A Realtor group in Montana has asked a state regulatory board to consider whether it is a license violation for a listing broker to allow agents representing buyers to directly submit offers to a home seller.

Zane K. Sullivan, a lawyer for the Great Falls Association of Realtors, said in a petition to the Montana Board of Realty Regulation that the association "has encountered an MLS listing which advertises the particular company’s ability to put buyer agents in direct contact with sellers, completely foregoing the listing agent."

A Realtor group in Montana has asked a state regulatory board to consider whether it is a license violation for a listing broker to allow agents representing buyers to directly submit offers to a home seller.

Zane K. Sullivan, a lawyer for the Great Falls Association of Realtors, said in a petition to the Montana Board of Realty Regulation that the association "has encountered an MLS listing which advertises the particular company’s ability to put buyer agents in direct contact with sellers, completely foregoing the listing agent."

The MLS information, stated Sullivan, "indicates that buyer agents can present their offers directly to the sellers and also set their appointments directly with the sellers. (The association) believes these statements to be in violation of the negotiation duties required by a broker," based on state code.

"The question presented for declaratory ruling is: Can a real estate broker or salesperson negotiate away part of the negotiation duties and perform less than what is defined under the definitions of ‘broker’ and ‘negotiation’ set forth by Montana code?"

Regulators and lawmakers in other states have considered Realtor-backed rules or legislation, sometimes referred to as minimum-service measures, that seek to establish a set of minimum services that real estate licensees are required to perform for their clients.

U.S. Justice Department and Federal Trade Commission officials have opposed such measures, claiming they could be anticompetitive and deprive consumers of choices in real estate services. Meanwhile, some industry officials have countered that such measures seek to protect consumers by ensuring an adequate level of services in real estate transactions.

In Montana’s case, the Realtor group is seeking clarification of state code that has been on the books for many years.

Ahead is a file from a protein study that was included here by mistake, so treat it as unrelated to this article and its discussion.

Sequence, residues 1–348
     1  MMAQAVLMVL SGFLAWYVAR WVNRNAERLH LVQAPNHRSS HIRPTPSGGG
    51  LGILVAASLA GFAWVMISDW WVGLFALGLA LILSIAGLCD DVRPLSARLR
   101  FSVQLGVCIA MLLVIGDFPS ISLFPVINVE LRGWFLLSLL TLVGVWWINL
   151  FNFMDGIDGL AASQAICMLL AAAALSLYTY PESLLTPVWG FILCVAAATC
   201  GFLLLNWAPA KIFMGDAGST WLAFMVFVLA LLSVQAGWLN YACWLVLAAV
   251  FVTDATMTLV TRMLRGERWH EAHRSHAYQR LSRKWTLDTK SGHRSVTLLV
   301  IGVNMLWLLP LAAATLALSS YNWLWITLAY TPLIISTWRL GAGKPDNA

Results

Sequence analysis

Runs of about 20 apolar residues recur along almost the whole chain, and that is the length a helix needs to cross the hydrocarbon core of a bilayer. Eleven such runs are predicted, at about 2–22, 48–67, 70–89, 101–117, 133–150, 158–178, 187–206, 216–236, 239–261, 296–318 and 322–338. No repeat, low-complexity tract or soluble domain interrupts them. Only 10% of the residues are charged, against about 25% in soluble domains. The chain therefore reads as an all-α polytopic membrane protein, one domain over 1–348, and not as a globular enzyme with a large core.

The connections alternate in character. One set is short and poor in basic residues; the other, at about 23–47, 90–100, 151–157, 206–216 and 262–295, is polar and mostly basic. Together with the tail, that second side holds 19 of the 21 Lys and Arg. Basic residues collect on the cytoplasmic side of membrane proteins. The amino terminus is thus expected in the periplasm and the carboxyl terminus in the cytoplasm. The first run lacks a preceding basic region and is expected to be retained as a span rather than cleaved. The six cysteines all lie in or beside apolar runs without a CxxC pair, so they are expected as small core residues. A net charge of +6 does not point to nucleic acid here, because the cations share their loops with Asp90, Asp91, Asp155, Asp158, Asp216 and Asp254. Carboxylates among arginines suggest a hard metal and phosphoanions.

Terry Stevenson, association executive for the Great Falls Realtor group, did not respond on Thursday to Inman News’ requests for comment.

Grace Berger, executive officer for the state Board of Realty, said that the matter has not yet been placed on the board’s agenda, and the board’s next meeting is scheduled on June 4. No other Realtor groups in the state, including the statewide Realtor group, have raised the question with the regulatory board, Berger said.

There is no provision under the state’s real estate code for consumers to waive negotiation services performed by a real estate licensee, she said, adding that she is not aware of a broker being cited for failure to perform negotiations for a client.

State code provides that a broker "negotiates or attempts to negotiate the listing, sale, purchase, rental, exchange or lease of real estate," and defines "negotiations" as "efforts to act as an intermediary between parties to a real estate transaction; facilitating and participating in contract discussions; completing forms for offers, counter-offers, addendums and other writings; and presenting offers and counter-offers."

The Montana Board of Realty Regulation had been the target of a U.S. Justice Department investigation over the state’s ban of real estate rebates, gifts and other promotional items offered by real estate licensees to their clients.

The Justice Department has conducted a series of investigations over similar rebate restrictions in other states, and the board voted earlier this month to amend its policy to allow rebates.

"The board determined it is reasonably necessary to amend this rule," according to a notice issued by the board. "Following the board’s August 2007 amendment of this rule, the U.S. Department of Justice advised the board that the language may be improper."

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